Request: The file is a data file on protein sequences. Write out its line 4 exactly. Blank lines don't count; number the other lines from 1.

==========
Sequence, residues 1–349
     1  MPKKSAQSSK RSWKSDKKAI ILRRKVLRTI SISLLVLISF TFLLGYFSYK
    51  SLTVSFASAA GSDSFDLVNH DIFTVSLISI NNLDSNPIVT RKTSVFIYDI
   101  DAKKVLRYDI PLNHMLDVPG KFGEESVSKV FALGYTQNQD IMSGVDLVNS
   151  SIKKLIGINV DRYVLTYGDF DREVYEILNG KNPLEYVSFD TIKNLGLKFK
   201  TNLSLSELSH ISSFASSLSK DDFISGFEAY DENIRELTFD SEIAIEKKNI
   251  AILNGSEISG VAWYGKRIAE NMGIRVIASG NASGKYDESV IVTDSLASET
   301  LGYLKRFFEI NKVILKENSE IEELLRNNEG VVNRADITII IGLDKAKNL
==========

   101  DAKKVLRYDI PLNHMLDVPG KFGEESVSKV FALGYTQNQD IMSGVDLVNS